- Investors are throwing the babies out with the bathwater.
- Wealth is created by the ownership of wonderful companies over a long duration.
- The will to reduce risk and volatility damages long-duration wealth creation.
Instead of behaving wisely, we think investors have been "throwing babies out with the bath water" this year. We believe speculators have fled out of the biotech ETFs and have unwittingly sold Amgen (NASDAQ:AMGN) between $129 and $109 per share because it is the largest holding of most of these targeted vehicles. From our vantage point, investors have tossed out eBAY (NASDAQ:EBAY) in the internet space, Gannett (NYSE:GCI) in media, Pfizer (NYSE:PFE) in Pharma and Bank of America (NYSE:BAC) and JPMorgan (NYSE:JPM) in the banking sector. They sell despite the fact that these companies have made long-duration investors wealthy in the past and have the attributes of our eight criteria, which have been predictive of future wealth creation.
From our years in the investment world, we at Smead Capital have developed a couple of assumptions about wealth creation and would like to share them with you.
Smead Assumption Number One:
Wealth is created by the ownership of wonderful companies over a long duration.
At Smead Capital, we avoid young untested companies and like to see a history of profitability over a period of approximately ten years before we consider buying-in. Take McDonald's (NYSE:MCD), for example: when McDonalds reached its ten-year IPO anniversary in 1975, it was trading at $72.50 per share, and 100 shares would have cost you $7,250. Today you'd have 4,063 shares, worth approximately $418,000 as of this writing. And dividends, which didn't begin until 1976, were not included in this calculation.
Warren Buffett bought 5% of Disney (NYSE:DIS) in 1965, 25 years after it went public, and sold it a year later for a 50% gain. Today it would be a 1000 times his original investment, not counting dividends. He calls it the biggest mistake of his career. Which bear-market bathwater or temporary-correction rinse water would have been a good reason to throw those babies out? We at Smead Capital Management believe that trying to determine who will be succeeding and prospering 20 years from now is much more useful than trying to time the market. We believe a number of our 29 current holdings are capable of producing exceptional long-duration returns if given the chance.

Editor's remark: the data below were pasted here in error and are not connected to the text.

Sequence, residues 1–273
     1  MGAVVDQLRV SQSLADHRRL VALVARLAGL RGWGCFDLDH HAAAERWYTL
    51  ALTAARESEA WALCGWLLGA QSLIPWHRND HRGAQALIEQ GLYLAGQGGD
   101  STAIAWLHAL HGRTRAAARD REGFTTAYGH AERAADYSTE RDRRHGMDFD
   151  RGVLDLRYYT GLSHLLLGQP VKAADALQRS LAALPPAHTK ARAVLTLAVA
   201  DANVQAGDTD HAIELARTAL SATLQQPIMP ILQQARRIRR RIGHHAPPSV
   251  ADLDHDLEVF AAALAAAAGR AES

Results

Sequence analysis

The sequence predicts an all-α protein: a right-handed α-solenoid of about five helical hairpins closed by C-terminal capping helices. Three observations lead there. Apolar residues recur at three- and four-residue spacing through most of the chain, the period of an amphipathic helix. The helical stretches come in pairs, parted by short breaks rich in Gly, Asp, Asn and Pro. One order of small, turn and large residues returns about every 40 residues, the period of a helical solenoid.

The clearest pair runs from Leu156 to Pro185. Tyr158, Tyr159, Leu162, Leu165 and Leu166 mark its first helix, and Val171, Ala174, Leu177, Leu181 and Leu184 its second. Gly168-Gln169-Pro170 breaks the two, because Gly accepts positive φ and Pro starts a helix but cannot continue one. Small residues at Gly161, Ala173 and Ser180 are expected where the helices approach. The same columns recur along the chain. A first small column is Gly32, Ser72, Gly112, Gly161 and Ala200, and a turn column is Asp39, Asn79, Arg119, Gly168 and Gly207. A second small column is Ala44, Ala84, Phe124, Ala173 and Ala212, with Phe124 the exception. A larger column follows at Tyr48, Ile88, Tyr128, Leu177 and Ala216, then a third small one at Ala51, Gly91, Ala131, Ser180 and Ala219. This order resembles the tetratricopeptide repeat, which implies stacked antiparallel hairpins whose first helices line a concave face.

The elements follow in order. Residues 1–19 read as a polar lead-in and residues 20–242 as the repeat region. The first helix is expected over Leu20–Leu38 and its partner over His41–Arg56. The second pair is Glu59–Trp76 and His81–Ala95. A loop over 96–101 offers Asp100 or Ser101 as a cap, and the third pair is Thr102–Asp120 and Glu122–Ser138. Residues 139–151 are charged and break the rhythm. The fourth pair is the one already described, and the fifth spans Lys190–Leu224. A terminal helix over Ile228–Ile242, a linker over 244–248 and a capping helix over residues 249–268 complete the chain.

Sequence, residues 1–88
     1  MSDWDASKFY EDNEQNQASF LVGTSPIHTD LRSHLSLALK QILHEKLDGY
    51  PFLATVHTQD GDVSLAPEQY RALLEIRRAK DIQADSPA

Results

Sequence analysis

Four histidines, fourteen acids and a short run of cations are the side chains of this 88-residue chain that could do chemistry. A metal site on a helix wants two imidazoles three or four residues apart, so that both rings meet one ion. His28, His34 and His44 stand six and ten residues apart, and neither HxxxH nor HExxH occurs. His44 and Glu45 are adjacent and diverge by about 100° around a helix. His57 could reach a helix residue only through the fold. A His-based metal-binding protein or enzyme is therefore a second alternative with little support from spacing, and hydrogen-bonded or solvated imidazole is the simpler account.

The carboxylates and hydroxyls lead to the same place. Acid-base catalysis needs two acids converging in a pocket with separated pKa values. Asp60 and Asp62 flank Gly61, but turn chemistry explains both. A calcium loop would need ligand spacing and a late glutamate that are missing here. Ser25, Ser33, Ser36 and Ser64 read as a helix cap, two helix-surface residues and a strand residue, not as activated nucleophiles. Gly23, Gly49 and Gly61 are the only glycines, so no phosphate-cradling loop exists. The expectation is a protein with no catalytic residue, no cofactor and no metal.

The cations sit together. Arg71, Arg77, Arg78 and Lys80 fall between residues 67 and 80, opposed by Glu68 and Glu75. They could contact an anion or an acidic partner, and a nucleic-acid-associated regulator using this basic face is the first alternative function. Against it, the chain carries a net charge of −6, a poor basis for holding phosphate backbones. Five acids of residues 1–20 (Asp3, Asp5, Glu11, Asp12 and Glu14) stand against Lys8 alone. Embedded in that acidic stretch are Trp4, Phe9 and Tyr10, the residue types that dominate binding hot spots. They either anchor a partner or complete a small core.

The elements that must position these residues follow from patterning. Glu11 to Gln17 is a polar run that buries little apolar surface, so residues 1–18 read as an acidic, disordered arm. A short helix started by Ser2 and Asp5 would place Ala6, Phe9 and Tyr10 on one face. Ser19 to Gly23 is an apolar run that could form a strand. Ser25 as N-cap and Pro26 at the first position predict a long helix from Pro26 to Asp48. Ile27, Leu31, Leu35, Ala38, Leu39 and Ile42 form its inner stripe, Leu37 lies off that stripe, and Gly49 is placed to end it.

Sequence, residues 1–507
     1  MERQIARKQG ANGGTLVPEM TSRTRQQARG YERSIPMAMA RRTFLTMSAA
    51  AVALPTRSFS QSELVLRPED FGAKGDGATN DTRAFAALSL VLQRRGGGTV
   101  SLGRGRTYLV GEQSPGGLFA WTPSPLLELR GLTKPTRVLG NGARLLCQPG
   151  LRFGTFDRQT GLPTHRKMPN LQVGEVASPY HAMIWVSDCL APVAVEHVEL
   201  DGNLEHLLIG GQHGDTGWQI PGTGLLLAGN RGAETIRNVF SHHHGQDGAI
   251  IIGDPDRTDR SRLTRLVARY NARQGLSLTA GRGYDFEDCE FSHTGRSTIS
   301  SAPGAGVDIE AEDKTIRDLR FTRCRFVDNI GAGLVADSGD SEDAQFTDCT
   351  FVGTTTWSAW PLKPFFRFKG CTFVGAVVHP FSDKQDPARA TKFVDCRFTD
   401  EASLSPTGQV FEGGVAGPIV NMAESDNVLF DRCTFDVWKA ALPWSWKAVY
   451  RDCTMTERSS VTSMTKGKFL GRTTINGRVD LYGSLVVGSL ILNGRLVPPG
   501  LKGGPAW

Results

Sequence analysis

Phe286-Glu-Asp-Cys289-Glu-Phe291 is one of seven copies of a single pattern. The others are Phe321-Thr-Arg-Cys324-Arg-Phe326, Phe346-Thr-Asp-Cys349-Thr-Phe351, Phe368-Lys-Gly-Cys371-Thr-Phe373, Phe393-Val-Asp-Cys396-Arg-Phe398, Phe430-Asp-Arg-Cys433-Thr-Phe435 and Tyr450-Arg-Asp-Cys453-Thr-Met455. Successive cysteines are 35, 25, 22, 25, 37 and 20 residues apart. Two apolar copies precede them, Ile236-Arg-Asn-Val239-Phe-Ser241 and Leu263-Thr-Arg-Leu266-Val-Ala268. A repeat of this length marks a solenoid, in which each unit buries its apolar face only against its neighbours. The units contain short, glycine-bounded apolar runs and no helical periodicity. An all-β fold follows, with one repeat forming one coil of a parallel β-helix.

Smead Assumption Number Two:
The will to reduce risk and volatility damages long-duration wealth creation as "babies get thrown out with the bath water."
We have attended many of the top annual gatherings of investment professionals over the last five years. It is a bit like the movie "Groundhog Day". At a recent conference in Boston, the most popular speakers we saw were all about risk reduction and reducing volatility through diversification. It was the same topics and nearly the same logic of four years ago when investors were mortified by the 2007-09 financial market meltdown. To us, this preoccupation with reducing risk is a contrary indicator.
Even though we don't fear risk or volatility, we felt at the start of the year that corrective forces would hit frothy, conceptual tech stocks and small-caps. We argued it would be similar to "stealth" bear markets like 1983-84, 1994 and 2004. In the case of frothy tech and small-cap stocks, we think it could initiate a period of years where they under-perform large-cap indexes like the S&P 500. In all three prior examples, the declines were limited in large-cap indexes and the near-term volatility should have been a time to add to worthy, long-duration large-caps holdings.
We believe that by attempting to time the market, investors are missing the one thing they need to control the most: their own activity. It seems humans appear to pile into the shares of attractive companies near high points and flee at low points. As many advisors have told us, your investment portfolio is like a bar of soap. The more you handle it, the smaller it gets.
The information contained in this missive represents SCM's opinions, and should not be construed as personalized or individualized investment advice. Past performance is no guarantee of future results. Bill Smead, CIO and CEO, wrote this article. It should not be assumed that investing in any securities mentioned above will or will not be profitable. A list of all recommendations made by Smead Capital Management within the past twelve month period is available upon request.